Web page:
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At a workshop in Limoges, the master cabinetmaker Franck Tioni spends days carving the signature curved wooden frames that form the skeletons of trunks and briefcases. Another master artisan cuts the supple leather or canvas and covers the cases with some 500 brass nails, each driven in by hand, exactly 7 millimeters apart. “It takes a full week to just cover a briefcase,” Davin says. But this is no ordinary briefcase: It is slightly curved on one side, so that it can be carried without knocking against the leg. Every piece has a personalized, numbered lock, allowing clients to use a single key for multiple pieces.

Most patrons of the shops are not familiar with Moynat’s legacy, but those in the fashion and luxury worlds have a historic appreciation for the brand, and a number of collaborations are already in the works. “We like special orders, because it challenges us to see how far we can take the savoir faire,” says Nair. Among recent projects is a curved trapezoidal case that attaches to the handlebars of a bicycle and is equipped for a picnic (starting at $37,000). Other custom commissions include a leather Krug Champagne case that is contoured in the shape of the bottle and special boxes for watches, games, and jewelry. One of the most complex commissions is a jelly-bean-shaped trunk designed to hold an electric scooter—and to fit into the luggage compartment of the new Jaguar F-Type. “The idea is that you park your fast car and enjoy the city in a slow, romantic way,” says Davin, who tends to wax poetic when talking about designs for picnics, getaways, and moments to slow down.

That romantic notion of travel also inspired Pauline Moynat, who arrived in Paris from the Savoy region at the age of 16 and began working with the trunkmaker François Coulembier, whose family co-owned the brand until 1976, when they closed the business. Moynat opened its first store in 1869 at 5 Place du Théâtre Français and later expanded to the Avenue de l’Opéra, which led to commissions for the opera and theater. In fact, after 1878, when the firm added a range of women’s handbags, one was named for Gabrielle Réjane, a famous belle epoque actress. This was likely the first handbag named for a star—a commonplace practice today—and Nair has paid homage to this industry first by creating a slightly modified version of the Réjane bag (starting at $4,100) that bears the original’s clean lines and chic curves. Moynat also brought back its signature M canvas pattern, designed in 1920 by the artist Henri Rapin for the Universal Exhibition of Barcelona.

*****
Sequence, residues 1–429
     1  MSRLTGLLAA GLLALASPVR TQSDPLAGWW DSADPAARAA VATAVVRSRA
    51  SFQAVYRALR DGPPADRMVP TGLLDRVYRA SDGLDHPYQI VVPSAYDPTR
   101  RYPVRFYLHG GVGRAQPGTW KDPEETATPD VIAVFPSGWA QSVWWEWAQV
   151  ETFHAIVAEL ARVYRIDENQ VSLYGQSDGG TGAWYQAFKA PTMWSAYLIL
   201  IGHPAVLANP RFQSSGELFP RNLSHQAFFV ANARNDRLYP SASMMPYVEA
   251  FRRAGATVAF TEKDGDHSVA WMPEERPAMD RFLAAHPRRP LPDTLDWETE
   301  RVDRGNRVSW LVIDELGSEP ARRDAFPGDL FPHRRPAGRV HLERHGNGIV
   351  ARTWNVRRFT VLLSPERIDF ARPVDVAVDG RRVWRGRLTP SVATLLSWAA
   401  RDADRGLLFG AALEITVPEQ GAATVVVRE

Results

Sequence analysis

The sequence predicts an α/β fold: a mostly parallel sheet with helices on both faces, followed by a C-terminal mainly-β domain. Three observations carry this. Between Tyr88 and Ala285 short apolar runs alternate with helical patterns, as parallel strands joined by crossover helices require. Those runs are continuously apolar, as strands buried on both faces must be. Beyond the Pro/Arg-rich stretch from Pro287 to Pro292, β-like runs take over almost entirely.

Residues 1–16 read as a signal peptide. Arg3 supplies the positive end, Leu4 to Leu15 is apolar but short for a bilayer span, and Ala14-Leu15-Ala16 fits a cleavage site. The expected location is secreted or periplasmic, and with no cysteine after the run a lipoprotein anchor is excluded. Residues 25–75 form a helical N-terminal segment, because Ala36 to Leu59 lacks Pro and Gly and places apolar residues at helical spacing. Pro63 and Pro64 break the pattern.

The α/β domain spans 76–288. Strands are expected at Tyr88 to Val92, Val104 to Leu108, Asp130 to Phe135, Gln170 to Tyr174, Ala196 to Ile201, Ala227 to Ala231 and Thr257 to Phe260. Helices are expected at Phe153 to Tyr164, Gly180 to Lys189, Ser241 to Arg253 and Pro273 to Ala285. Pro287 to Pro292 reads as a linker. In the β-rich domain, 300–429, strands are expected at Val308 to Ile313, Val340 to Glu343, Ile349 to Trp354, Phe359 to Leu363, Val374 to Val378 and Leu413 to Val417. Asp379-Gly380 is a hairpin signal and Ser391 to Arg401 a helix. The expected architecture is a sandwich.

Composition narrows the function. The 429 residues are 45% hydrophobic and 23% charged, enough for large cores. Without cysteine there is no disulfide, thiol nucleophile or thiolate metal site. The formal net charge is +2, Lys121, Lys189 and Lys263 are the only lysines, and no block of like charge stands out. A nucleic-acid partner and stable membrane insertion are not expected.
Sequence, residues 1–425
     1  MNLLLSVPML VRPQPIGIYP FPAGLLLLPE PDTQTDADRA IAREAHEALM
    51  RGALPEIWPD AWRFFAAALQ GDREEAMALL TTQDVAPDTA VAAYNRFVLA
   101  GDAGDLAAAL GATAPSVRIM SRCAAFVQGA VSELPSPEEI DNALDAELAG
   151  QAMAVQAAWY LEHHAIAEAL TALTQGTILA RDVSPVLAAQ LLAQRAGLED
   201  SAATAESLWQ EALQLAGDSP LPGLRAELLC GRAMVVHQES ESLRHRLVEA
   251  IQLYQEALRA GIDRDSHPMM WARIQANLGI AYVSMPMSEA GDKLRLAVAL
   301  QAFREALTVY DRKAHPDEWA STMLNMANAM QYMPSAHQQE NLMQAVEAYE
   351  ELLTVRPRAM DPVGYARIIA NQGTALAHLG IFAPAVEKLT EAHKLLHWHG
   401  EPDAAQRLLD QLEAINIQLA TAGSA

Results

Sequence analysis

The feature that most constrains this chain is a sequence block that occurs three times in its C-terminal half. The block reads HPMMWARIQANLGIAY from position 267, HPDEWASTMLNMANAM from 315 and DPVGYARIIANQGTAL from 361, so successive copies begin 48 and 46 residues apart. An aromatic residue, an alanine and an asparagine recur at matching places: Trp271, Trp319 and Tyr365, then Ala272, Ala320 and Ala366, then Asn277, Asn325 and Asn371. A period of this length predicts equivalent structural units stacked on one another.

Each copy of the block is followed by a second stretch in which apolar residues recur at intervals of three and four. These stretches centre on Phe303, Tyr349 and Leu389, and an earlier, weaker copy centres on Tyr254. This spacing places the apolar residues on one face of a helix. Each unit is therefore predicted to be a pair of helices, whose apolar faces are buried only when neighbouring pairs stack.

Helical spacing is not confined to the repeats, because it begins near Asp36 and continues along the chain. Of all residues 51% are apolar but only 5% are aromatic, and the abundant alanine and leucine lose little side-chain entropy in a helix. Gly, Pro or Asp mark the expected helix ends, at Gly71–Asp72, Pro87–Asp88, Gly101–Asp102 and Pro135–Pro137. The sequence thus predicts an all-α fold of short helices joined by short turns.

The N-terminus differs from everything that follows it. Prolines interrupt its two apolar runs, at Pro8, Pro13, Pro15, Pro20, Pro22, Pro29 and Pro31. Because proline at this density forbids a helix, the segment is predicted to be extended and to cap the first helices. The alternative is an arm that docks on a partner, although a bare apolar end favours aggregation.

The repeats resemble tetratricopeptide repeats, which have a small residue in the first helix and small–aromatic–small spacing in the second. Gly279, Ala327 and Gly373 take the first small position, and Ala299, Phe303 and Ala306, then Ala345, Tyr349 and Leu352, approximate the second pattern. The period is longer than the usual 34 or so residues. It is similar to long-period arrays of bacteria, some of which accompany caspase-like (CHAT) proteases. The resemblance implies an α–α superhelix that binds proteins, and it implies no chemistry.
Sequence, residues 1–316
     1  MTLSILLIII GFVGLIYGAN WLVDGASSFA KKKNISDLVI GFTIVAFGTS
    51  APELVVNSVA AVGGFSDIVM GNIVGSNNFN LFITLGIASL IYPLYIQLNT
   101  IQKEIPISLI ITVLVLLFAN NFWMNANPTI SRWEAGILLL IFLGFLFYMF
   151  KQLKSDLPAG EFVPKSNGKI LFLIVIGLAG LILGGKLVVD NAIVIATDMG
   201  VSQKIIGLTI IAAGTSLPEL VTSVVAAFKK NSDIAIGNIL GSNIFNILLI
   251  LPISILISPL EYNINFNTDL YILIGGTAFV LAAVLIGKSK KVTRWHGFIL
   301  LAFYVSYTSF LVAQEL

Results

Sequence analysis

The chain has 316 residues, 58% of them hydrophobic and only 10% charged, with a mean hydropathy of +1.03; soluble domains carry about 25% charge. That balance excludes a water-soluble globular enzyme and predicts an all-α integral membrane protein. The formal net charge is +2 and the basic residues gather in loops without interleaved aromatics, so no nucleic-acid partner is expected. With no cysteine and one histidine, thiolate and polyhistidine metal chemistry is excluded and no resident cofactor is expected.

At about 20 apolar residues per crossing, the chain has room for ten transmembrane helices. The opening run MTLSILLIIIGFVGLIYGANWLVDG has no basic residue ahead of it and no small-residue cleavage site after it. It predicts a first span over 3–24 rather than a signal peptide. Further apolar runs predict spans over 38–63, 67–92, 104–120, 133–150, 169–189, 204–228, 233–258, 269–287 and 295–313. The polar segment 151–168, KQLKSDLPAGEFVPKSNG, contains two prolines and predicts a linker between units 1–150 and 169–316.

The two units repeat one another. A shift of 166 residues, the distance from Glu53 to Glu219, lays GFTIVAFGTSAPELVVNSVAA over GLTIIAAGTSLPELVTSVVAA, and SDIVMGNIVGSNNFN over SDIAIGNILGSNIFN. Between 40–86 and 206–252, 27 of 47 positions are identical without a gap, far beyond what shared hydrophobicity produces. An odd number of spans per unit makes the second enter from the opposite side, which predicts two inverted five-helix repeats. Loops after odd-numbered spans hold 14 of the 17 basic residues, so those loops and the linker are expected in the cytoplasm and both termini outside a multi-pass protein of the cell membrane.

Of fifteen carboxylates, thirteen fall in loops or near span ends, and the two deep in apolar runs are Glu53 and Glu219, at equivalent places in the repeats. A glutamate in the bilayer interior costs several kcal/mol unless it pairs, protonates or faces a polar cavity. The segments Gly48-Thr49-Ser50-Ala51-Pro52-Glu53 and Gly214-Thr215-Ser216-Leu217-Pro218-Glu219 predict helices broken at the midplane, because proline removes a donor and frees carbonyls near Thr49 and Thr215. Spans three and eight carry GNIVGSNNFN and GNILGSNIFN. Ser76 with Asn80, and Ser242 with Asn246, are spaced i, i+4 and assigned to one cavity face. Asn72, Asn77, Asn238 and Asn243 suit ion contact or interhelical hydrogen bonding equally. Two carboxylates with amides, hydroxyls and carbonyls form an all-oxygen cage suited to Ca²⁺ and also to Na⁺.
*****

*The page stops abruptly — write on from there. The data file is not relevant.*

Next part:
To herald the arrival of Moynat for the 21st century, Arnault opened a striking two-level store on the rue Saint-Honoré in December 2011. The venue’s art deco details, vintage trunks, and other memorabilia recall the brand’s rich past. The main floor showcases men’s and women’s leather goods and accessories, while the second floor is devoted to the trunks and a private area for bespoke commissions. In March, a second location opened on London’s Mount Street, across the street from the Connaught hotel; this new shop also has an area dedicated to custom services.

The London opening, however, does not presage a Louis Vuitton–style rollout of Moynat shops around the world. The small workshop could not possibly meet the demand, says Davin, who prefers to maintain a sense of mystery around Moynat: He wants clients to take pleasure in discovering the brand—just as Arnault did before so imaginatively planning its return voyage.  

Moynat, +33.1.47.03.8390, www.moynat.com